In this episode of “Can These Bones,” co-host Laura Everett talks with Almeda M. Wright, Yale Divinity School professor and the author of “The Spiritual Lives of Young African Americans,” about her training and background as an engineer and her work with young people in ministry.
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Photo courtesy of Elizabeth Corrie. A concept map that one of the students made after the Game of Life workshop that ties together several themes from the program.
We can teach young people how to engage in a kind of practical theology that takes seriously their budding adult faith and their capacity for action, writes the director of the Youth Theological Initiative at Emory’s Candler School of Theology.
The Parable of the Sower as illustrated in Hortus deliciarum compiled by Herrad of Landsberg at the Hohenburg Abbey in Alsace (12th century).
Youth ministry experts with decades of experience are learning the benefits of engaging youth in theological reflection that isn’t dumbed down, writes the coordinator of the Lilly Youth Theology Network.
Apple, pumpkin, blueberry or pecan, sometimes a pie is more than a pie. To a group of teenage girls in Cedar Falls and Waterloo, Iowa, pies mean jobs, education, faith development and reconciliation.
Young people are vulnerable, and churches must experiment with more holistic approaches to youth ministry, writes the director of Duke Youth Academy.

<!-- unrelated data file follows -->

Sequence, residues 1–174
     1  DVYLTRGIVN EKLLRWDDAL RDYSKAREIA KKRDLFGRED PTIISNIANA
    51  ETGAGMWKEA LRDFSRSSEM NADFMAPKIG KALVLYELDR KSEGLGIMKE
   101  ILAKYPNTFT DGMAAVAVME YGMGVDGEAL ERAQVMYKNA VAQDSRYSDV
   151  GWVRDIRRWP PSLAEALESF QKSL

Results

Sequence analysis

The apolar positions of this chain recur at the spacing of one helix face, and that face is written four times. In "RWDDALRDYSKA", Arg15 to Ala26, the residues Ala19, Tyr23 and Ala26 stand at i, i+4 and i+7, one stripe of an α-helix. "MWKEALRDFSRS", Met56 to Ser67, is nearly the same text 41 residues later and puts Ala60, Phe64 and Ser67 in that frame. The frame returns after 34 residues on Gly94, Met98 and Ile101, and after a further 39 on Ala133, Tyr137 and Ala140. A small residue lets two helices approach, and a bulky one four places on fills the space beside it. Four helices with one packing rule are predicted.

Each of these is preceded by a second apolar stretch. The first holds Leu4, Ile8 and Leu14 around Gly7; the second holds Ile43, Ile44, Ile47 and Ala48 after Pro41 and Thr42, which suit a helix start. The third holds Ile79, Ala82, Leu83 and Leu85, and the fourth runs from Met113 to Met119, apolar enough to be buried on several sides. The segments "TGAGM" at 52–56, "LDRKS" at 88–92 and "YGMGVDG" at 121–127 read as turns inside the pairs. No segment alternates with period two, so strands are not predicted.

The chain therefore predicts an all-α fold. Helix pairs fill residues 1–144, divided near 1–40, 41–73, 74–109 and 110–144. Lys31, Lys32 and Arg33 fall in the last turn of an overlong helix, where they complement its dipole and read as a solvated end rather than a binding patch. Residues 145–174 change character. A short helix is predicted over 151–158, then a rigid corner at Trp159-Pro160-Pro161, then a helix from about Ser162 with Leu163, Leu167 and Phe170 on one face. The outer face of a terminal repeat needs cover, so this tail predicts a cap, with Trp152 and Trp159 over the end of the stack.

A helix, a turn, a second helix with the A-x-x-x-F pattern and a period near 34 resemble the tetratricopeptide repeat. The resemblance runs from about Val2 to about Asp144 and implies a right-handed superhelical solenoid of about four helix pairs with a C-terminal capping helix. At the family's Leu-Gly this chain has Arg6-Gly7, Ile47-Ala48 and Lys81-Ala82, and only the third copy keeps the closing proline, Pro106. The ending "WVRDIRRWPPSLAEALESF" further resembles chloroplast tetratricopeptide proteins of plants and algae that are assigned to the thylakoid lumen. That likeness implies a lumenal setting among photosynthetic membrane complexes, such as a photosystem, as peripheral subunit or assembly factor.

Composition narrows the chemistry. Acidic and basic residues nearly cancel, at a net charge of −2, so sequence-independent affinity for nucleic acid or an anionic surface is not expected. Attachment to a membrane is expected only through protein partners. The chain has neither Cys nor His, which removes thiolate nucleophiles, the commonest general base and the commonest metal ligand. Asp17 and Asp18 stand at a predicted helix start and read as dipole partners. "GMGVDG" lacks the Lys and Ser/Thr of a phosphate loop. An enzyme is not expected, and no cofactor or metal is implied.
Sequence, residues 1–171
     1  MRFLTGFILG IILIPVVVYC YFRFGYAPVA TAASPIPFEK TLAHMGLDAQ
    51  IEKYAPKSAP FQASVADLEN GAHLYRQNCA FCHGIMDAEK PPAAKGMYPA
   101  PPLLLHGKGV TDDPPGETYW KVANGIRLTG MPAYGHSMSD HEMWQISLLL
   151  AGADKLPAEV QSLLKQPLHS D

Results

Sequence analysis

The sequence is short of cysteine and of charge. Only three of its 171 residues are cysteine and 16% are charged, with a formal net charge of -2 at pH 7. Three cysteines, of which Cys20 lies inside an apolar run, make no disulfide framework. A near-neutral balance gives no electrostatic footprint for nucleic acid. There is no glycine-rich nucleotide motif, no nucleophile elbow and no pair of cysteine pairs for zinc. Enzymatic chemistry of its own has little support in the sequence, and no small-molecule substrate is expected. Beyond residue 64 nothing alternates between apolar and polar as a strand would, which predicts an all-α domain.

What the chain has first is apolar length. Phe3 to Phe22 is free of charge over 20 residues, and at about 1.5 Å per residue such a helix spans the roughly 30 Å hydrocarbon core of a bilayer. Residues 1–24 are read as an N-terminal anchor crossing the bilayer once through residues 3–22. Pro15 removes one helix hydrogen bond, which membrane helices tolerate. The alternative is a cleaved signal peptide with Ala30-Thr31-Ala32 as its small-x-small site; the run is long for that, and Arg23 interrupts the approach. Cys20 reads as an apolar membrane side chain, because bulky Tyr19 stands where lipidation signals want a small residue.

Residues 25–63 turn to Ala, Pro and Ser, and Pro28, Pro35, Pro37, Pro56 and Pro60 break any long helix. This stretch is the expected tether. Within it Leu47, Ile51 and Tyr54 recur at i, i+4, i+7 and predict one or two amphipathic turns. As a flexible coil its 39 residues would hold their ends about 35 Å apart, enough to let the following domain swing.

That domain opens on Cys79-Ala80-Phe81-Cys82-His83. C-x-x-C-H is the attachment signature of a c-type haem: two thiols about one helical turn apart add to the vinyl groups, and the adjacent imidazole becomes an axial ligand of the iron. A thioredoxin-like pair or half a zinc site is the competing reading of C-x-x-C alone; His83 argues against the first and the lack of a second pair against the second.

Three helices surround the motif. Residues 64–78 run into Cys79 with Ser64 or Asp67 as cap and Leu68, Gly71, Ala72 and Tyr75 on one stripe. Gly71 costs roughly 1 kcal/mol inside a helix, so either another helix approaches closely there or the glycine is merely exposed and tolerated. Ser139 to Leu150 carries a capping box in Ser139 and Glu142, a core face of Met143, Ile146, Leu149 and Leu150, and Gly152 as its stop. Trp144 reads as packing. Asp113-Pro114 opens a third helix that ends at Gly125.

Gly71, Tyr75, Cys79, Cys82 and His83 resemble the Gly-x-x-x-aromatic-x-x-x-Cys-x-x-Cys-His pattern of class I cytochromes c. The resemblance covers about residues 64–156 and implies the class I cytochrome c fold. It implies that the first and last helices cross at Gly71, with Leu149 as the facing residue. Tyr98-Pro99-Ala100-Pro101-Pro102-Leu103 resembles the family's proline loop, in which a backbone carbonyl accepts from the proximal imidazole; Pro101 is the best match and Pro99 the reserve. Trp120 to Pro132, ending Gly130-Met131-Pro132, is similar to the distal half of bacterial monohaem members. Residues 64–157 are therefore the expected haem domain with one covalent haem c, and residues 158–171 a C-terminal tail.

Last spring, the Rev. Matt Overton (center) supervised teens doing yardwork. Overton founded Mowtown Teen Lawn Care to provide mentoring opportunities as well as job experience for youth. Photo by Adam Guggenheim
It’s important for youth and adults to have relationships that are consistent and natural. One way to do that is through shared work, writes a youth pastor.
Via their avatars, children and teens gather for worship in the sanctuary of The Robloxian Christians.
Founded and pastored by a Tacoma teenager, The Robloxian Christians is a real -- albeit virtual -- church where young people gather to worship, pray and connect. And it has important lessons for those who lead traditional churches and church-related institutions.
A white youth pastor says it’s important to go beyond diversity when leading youth in the work of racial repair. Admitting failure, fostering careful listening, and paying attention to the local context are all important parts of the process, he writes.
The Rev. Matt Overton clips bushes while Ethyn McLaughlin mows a lawn on a Saturday morning as part of Mowtown Teen Lawn Care's work. Photos by Adam Guggenheim
Jobs, skills and mentoring are just some of the benefits of this lawn care business, operated under the auspices of a Presbyterian church in Vancouver, Washington.
Youth want to do more than participate in ready-made service opportunities, and the work of youth ministry should be to help them experience their own agency, writes the director of the Institute for Youth Ministry at Princeton Theological Seminary.